(Paul Thomas Anderson, 1999)
You can read my 5th round writeup
if you really want to. For now I'm going to focus on Ghost Dog
and come back to Magnolia
in my verdict.
Ghost Dog: The Way of the Samurai
(Jim Jarmusch, 1999)
This was my first viewing of Ghost Dog
, and since it has made it this far into the bracket and gotten quite a bit of praise I expected it to be something special. For the most part, I think it is. The unique qualities of the premise have already been discussed at length in previous writeups, and I too enjoyed the unusual combination of elements and their presentation.
I think what I most liked are the minor details in the story. The seemingly inconsequential elements that, when stacked together, are what really add depth to the otherwise simple plot. The humor really adds to the experience as well, the writing is pretty great (and only occasionally awkard). Ghost Dog is a really fascinating character to spend time watching, I get the impression that not everyone is sold on Forest Whitaker's performance, but I thought it was pretty spot on. The rest of the characters are pretty great too, Pearline and Raymond play incredibly important (and fun) roles, the mob guys are almost caricatured, but they work (the exchange between Louie and Vinny about being sent out like "real gangsters" was a nice cap).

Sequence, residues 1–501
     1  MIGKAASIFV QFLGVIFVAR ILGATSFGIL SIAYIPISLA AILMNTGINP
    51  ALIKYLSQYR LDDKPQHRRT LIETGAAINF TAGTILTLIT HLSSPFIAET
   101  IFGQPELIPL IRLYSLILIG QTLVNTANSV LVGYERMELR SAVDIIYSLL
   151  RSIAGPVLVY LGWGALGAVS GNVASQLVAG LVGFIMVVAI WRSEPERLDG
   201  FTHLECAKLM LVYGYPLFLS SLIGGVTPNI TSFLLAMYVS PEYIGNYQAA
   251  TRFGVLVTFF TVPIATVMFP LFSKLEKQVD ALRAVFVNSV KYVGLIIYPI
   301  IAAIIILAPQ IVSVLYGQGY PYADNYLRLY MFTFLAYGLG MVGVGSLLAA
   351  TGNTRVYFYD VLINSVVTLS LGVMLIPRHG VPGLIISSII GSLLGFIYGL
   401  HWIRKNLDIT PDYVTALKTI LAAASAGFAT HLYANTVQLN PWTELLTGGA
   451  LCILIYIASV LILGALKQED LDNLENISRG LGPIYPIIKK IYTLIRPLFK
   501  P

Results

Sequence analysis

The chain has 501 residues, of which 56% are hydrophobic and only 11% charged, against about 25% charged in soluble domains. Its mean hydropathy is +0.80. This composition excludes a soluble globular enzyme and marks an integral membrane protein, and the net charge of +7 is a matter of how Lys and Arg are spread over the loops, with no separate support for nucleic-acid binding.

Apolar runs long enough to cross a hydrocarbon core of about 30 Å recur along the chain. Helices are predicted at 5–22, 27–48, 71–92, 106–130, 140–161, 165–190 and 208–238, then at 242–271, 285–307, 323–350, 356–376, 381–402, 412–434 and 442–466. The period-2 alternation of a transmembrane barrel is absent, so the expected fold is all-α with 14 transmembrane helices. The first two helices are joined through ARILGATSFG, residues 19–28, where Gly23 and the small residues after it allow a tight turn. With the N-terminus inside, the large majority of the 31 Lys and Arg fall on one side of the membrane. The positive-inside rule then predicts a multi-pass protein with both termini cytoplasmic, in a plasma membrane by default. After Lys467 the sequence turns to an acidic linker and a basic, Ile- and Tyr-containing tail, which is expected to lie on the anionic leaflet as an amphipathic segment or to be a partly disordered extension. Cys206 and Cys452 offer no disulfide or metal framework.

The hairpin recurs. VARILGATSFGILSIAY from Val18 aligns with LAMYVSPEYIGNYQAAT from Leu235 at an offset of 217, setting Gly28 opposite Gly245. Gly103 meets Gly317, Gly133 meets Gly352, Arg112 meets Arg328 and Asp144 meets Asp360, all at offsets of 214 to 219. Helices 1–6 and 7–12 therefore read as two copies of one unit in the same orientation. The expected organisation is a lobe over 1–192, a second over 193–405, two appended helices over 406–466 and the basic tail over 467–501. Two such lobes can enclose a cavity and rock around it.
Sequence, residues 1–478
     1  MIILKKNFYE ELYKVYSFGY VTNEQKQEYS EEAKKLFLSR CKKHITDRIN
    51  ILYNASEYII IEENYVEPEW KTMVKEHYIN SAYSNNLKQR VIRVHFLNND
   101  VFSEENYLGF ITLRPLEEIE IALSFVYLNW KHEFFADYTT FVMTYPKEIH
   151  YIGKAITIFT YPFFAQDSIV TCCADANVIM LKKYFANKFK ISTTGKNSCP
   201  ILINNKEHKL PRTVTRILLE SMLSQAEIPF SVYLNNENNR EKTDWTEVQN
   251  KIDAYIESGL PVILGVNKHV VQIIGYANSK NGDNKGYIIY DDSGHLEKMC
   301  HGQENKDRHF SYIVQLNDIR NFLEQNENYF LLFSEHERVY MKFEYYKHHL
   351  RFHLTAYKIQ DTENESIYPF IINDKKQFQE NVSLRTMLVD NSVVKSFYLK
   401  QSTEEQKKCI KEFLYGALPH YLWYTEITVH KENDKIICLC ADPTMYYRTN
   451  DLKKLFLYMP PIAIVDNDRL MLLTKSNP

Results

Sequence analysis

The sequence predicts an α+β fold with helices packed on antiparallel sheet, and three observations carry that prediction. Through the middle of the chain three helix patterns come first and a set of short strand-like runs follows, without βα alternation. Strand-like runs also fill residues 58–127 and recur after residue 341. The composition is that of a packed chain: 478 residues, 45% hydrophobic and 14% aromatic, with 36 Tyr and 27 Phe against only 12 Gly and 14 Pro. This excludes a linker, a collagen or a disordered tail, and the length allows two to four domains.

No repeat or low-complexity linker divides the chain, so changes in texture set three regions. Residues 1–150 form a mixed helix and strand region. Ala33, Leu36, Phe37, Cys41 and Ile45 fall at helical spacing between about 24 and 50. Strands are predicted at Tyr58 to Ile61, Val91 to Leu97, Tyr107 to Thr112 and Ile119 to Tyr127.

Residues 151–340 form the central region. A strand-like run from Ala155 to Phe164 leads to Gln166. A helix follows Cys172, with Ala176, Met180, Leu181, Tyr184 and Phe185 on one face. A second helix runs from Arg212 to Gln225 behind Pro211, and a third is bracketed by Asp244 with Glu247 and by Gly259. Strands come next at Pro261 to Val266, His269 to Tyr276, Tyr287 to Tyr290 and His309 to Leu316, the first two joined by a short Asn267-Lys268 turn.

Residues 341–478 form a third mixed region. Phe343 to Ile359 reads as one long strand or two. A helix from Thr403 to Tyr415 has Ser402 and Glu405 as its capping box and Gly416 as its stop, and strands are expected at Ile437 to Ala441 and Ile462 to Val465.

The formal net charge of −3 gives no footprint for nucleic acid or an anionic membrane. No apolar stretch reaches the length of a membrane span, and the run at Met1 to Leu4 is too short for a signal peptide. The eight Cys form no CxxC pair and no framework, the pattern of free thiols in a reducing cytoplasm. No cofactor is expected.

A few problems: Reading through the past reviews I see I'm not the only one who took issue with some of the stylistic choices. At times it suffered from just plain poor choices, or became distracting. Most of the time Ghost Dog was shown to be a very professional, methodical, and resourceful hitman, and I was really disappointed when they required some major suspension of disbelief in what he was capable of. Also, every now and then something in the story just felt forced (Raymond and Ghost Dog repeating each other, for instance).
Overall a very good movie, and I'm really happy I finally saw it.